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If a film was based on text content under CC BY-SA 3.0 and released in theaters, would there be any way to stop people from ripping the film and uploading it to YouTube or similar content sharing sites? Also would that still be considered Piracy?

  • I doubt any commercial movie production studio would be silly enough to do such a thing. – brhans Jul 24 '18 at 21:50
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    This is just hypothetical to help me understand this license more. – user20134 Jul 24 '18 at 21:55
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If work is licensed under CC BY-SA 3.0 and released in theatres it would not be legal for anyone to prevent you from ripping (or using a handycam or whatever) to get the film, and then redistribute on Youtube or anywhere else.

This particular license has the clause

"The freedom to redistribute copies: Copies may be sold, swapped or given away for free, as part of a larger work, a collection, or independently. There must be no limit on the amount of information that can be copied. There must also not be any limit on who can copy the information or on where the information can be copied. "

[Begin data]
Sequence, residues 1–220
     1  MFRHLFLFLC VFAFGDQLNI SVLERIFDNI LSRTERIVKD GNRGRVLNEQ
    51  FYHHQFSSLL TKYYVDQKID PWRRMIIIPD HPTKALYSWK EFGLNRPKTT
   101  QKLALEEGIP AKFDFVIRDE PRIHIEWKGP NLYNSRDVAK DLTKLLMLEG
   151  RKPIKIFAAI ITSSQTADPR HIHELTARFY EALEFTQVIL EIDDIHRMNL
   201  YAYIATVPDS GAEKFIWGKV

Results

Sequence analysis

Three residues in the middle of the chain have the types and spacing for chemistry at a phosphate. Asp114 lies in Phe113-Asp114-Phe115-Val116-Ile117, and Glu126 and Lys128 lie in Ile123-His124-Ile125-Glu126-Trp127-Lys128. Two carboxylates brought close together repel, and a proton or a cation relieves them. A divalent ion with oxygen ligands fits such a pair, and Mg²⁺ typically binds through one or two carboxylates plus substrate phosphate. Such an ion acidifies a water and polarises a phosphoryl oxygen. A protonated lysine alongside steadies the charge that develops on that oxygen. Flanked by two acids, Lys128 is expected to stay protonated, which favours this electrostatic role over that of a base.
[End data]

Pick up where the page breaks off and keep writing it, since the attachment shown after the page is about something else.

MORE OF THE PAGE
To the extent you use this work in your own work, that is OK also -

"The freedom to distribute derivative works: In order to give everyone the ability to improve upon a work, the license must not limit the freedom to distribute a modified version (or, for physical works, a work somehow derived from the original), regardless of the intent and purpose of such modifications. However, some restrictions may be applied to protect these essential freedoms or the attribution of authors. "

If software piracy is defined as "Unauthorized copying of some purchased software. " then there is no software piracy occurring.

  • would it be possible for the author of the original text to give permission to the author of the film to use a different license without changing the license of the original text? – user20134 Jul 25 '18 at 3:05
  • Yes, dual licensing is not uncommon. – davidgo Jul 25 '18 at 3:26

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